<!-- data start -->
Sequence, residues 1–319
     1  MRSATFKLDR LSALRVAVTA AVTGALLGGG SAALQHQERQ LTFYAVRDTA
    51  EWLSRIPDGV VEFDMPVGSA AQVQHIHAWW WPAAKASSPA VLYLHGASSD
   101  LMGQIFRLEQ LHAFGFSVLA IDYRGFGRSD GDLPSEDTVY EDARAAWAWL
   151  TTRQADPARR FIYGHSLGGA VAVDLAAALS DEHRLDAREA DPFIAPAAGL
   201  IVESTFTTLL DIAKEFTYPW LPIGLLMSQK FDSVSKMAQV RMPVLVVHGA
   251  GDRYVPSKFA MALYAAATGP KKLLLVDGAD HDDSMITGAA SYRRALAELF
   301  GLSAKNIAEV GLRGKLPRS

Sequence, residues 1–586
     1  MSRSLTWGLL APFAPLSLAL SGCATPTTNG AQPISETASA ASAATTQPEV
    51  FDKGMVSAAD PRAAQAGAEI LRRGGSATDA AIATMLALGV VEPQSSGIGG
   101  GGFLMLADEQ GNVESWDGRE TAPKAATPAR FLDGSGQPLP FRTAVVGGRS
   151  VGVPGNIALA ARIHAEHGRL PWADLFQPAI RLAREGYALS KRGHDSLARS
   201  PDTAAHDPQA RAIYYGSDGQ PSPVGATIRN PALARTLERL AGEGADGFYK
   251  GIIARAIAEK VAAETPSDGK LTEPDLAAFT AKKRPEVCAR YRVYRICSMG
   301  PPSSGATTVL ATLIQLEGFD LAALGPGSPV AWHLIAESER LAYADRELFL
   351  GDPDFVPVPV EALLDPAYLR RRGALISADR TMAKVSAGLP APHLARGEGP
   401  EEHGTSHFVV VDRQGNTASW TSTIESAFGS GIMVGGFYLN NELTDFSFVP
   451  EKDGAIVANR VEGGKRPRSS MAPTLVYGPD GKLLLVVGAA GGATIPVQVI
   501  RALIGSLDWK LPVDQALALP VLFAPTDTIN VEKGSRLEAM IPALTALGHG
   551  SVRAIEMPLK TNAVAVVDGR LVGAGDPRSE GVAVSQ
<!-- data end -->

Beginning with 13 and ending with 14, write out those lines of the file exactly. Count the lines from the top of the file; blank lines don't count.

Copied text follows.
   151  VGVPGNIALA ARIHAEHGRL PWADLFQPAI RLAREGYALS KRGHDSLARS
   201  PDTAAHDPQA RAIYYGSDGQ PSPVGATIRN PALARTLERL AGEGADGFYK